The Cornish town of Looe is a beautiful coastal hub with a thriving fishing port and more fresh fish than you can shake a stick at. We speak to Angela Pengelly, the previous owner of Pengelly’s Fishmongers, about the business’s heritage, the importance of sustainability, and how the family business continue to secure only the freshest fish.
Pengelly’s have a deep-rooted connection with fishing that spans way back over five generations, with Angela’s great-grandfather selling fish from a horse and cart.
“One day grandfather bought a horse-and-cart from Plymouth fish market and brought it back to Looe. It caused chaos in the town the first morning he opened!”
Angela’s grandfather was given a space on the quay, and that spot is still theirs today! It was passed to Angela’s Mum and Dad, who worked hard to bring it in line with modern health and safety regs, and establish the footing it has today. But several years ago, when her father developed dementia and had to stop working, Angela was faced with a conundrum; continue her own business or take over that of her parents.
“I asked myself what my Grandfather would say, and I knew he would want me to carry on the business he worked so hard to set up.” And so, Angela channelled her Grandfather’s gusto, took herself off to market, and started her new position as a buyer.
From there, Angela’s passion for fishing grew as she learned more about fish politics (yep – that’s a thing) like sustainability, quotas, and protecting the waters. But her real passion has turned to encouraging and inspiring more young people in to fishing.
“I feel excited about what’s happening. And because I’m passionate about all aspects of fishing, shellfish, protection, sustainability and education, I’ve been elected to be harbour commissioner!”
In order to keep Cornish fishing sustainable, it’s incredibly important to inspire fresh generations of fishers to come into the industry. The average age of a UK fisher is currently 58! The CFPO Youth Board is developing programmes to improve recruitment of more young entrants in Cornish fishing.
As well as a sustainable workforce, sustainability in fishing can also be achieved by keeping the boats small, and reducing the number of “large factory ships”. Angela explains how those larger ships can often impact the food chain, as they trawl the food that the fish eat.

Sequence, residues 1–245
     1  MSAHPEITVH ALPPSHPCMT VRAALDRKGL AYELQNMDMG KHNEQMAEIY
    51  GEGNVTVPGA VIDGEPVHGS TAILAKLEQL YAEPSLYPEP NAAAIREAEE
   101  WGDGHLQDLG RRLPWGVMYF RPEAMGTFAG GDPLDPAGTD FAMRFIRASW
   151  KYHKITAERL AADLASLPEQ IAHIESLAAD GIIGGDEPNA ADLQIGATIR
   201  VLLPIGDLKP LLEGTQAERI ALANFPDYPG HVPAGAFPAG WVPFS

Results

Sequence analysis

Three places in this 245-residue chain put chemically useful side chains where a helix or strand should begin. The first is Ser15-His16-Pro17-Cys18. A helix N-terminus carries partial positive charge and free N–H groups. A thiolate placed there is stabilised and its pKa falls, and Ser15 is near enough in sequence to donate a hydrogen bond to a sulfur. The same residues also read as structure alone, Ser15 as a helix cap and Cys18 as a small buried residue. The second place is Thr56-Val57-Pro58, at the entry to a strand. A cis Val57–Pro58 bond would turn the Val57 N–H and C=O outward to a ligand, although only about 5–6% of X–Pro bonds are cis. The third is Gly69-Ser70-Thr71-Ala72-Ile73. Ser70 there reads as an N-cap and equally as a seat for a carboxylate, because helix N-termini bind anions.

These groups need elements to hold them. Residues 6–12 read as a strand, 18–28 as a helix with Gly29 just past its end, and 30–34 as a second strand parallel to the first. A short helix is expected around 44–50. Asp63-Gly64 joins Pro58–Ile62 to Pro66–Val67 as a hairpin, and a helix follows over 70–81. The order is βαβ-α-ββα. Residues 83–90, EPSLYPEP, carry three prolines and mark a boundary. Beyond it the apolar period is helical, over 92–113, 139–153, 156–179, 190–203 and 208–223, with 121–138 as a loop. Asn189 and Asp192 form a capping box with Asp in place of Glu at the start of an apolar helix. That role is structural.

When Pengelly’s have dedicated their livelihood to sourcing only the highest quality fish, it’s of course disheartening to see the quality of the fish sold in supermarkets, and at the fish counters there.
It may sound like tough criticism, but when you have as much experience as Angela, sniffing out poor quality fish becomes second nature.
“Every morning when I went to the market I would have to buy with my eyes and nose.”
Whilst it’s important to never judge a book by its cover, we all know that when shopping for fish, we buy with our eyes! The skill is important for a fishmonger, because judging the appearance of the stock on offer influences which fish are chosen for their quality.
The fish at Pengelly’s is bought directly from boats in Looe that day. It’s pristine, fresh and it’s barely handled because it’s bought only 15 metres from where it’s landed. Pengelly’s pay around 50p more per kilo than at the fish market to secure this quality – but the proof is certainly in the pudding when you come to cook with it.
But it’s not all about sourcing and selling the fish; educating consumers on the possibilities with seafood is essential to increasing fish sales.
“When I sell fish I often ask what the customer’s going to do with it…and then I can’t help but give my advice! Flour, salt and pepper, oil, a quick sizzle – it’s beautiful! Cook it quickly. It’s GOT to be cooked quickly!”
Pengelly’s also create cooking bags which are great for customers who don’t like to handle the fish. Whether it’s filleted fish chucked in with samphire and herbs, or a bag of fish cakes, mussels and pâtés, they’re fresh, tasty and ready in minutes.
Pengelly’s also do fish boxes! Set boxes at £50, or bespoke boxes for however much you’d like to spend! Order on 01503 262246. There is also an online shop – coming soon – where you’ll be able to get next day delivery to almost anywhere in the UK.
In 2018 Angela sold the business to experienced fishmonger Rob Phillips. Rob started in the industry at 13 years old and has worked in many variations of fish shop.
Angela has continued to work with Rob as her passion for the industry is so strong.
Rob has plans to set up Pengelly’s Fish School this year! This will range from educational talks about species, habitats, and how the fish are caught, fun events for Hen Dos (and BYOB – of course!) to creative cooking classes with local Looe chef, Debbie Thorpe and many more. Angela will be working alongside Rob to share her valuable knowledge. The aim is to have “Catch & Cook” class options that go out on the handline boats.
Fishing is Cornwall’s identity. It’s the county surrounded by the most water. It’s clean and unpolluted, and that’s why Cornish Fish is loved around the world. “There was even a time when we were sending fish once a week from Looe to Hollywood!”
Fishing and family so very often go hand in hand; whether it’s keeping the family business alive, or handing recipes down through generations.
Seafood Cornwall #FaveFlavours:
“I really love haddock. It’s very sweet if you have it as fresh as we have it, and it’s not too strong! Simply season, flour, and pan fry. You don’t need lots of fancy sauces – just a little bit of lemon, and enjoy the natural flavour.”
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